The N900 comes with quite a few applications out of the box, and although I don't cover them all here, a few are worth mentioning. One of the most important of these is probably the package manager. This program acts much like any other graphical package manager you might be used to on Linux. Maemo packages everything in debs and provides its own APT repositories. In fact, if you are comfortable with apt-get, you can install the same programs via the command line. You also can add additional repositories, including ones you've made yourself if you want, but out of the box, you have access to Nokia's own repositories along with the stable maemo.org repository.
Maemo.org is the central site that organizes the Open Source community behind Maemo and is loaded with documentation, news and the main community forum. Many of the most popular applications from prior versions of Maemo have been ported to the N900, although you might not see them all out of the box. Although the main maemo.org repository is on by default, only applications that have been throughly tested show up there. If you are willing to risk some instability, you can add Testing and Devel repositories that somewhat mirror the Debian testing and unstable system. Applications that are shown to be stable in Devel move up to Testing and eventually are promoted to the main stable maemo.org repository.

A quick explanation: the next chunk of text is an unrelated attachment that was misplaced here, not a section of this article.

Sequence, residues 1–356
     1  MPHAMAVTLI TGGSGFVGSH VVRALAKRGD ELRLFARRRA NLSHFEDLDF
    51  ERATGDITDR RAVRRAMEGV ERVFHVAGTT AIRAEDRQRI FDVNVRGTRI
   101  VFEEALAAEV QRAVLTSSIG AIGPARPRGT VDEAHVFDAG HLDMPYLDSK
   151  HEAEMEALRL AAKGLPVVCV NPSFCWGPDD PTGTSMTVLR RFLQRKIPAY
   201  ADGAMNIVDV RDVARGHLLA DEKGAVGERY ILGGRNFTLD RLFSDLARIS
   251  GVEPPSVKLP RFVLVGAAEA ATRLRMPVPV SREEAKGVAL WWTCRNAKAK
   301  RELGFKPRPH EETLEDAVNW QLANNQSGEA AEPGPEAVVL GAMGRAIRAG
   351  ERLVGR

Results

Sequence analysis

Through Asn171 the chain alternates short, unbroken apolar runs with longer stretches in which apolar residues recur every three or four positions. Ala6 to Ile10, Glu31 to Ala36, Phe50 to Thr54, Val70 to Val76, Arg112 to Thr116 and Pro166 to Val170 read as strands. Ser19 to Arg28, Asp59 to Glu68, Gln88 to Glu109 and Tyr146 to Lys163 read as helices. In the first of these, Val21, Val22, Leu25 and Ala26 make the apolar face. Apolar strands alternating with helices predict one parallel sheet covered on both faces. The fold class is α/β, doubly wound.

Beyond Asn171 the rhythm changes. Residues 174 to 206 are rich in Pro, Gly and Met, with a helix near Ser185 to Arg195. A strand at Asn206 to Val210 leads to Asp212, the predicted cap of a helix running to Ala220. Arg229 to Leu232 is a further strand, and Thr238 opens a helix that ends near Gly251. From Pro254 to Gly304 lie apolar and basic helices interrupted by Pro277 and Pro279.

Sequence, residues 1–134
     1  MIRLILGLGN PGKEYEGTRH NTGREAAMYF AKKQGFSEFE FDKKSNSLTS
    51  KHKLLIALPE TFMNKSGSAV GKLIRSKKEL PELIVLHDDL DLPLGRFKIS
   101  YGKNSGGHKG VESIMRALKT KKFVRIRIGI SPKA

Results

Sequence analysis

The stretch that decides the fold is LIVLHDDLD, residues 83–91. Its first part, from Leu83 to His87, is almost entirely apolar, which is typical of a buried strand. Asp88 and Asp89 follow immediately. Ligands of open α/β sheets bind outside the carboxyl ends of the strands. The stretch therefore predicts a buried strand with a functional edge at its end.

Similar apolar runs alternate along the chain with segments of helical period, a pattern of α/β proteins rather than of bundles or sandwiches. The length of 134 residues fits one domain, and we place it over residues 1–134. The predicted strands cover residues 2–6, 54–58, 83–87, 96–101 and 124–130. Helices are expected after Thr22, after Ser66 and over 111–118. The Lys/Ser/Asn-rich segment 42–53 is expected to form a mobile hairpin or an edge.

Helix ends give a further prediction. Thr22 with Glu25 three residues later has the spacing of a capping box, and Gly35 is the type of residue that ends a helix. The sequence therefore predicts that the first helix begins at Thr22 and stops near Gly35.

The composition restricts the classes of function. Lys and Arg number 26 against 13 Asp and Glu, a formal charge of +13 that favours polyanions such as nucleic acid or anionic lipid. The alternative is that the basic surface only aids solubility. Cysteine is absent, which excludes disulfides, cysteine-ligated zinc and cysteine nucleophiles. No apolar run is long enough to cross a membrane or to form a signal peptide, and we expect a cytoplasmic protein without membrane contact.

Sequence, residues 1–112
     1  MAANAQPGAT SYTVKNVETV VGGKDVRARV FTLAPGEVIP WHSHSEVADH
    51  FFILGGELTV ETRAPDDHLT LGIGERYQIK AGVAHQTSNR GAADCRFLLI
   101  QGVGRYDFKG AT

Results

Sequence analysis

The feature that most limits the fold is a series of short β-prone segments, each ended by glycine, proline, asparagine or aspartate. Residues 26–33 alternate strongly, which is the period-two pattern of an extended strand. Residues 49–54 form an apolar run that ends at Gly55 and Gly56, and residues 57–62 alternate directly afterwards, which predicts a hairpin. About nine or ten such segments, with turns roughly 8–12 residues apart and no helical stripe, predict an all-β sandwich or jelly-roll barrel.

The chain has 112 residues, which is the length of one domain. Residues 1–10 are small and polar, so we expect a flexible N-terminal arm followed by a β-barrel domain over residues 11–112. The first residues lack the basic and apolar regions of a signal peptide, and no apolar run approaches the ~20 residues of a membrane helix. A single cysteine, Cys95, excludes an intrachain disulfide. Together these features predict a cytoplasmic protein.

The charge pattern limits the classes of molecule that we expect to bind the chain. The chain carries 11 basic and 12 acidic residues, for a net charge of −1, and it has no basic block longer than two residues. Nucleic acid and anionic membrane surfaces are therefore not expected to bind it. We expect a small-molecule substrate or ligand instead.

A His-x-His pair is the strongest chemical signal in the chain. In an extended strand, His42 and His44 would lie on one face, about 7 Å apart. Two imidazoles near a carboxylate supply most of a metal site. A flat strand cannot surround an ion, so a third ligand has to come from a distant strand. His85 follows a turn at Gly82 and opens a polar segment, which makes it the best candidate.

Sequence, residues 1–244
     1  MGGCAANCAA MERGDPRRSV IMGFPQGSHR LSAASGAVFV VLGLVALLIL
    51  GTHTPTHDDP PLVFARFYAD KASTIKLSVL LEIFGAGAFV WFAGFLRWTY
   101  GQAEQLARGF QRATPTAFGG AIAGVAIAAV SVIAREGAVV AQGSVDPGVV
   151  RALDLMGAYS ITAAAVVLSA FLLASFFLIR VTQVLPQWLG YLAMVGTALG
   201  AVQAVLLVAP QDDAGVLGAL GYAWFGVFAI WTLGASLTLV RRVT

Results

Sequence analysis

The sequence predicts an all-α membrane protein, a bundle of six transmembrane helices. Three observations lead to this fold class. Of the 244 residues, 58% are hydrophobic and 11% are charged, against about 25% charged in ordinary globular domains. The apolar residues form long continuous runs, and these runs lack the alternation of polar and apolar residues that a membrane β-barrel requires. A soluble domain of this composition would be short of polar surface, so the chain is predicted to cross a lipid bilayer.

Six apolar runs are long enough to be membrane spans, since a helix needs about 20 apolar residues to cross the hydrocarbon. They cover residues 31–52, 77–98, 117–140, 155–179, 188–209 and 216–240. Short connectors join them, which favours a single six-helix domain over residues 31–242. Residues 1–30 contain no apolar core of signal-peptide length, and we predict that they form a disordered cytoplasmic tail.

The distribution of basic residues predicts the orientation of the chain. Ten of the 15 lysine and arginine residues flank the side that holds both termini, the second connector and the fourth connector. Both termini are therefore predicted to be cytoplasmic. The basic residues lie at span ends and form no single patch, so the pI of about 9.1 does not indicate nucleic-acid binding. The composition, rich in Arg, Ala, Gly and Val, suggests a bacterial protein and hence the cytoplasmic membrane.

The N900 also includes a media player, photo management, calendar and e-mail program. None of these applications stand out, but they all seem to do an adequate job. The media player can take advantage of hardware acceleration, and with the right third-party packages, you can get support for most media formats you'd want to play. Although the calendar application can't natively sync to Google Calendar, you can somewhat work around that with its native Exchange sync feature, even though you still can sync only your first Google Calendar. The good news is that most of the limitations you might find in these default programs can be solved with third-party software available from the maemo.org repositories.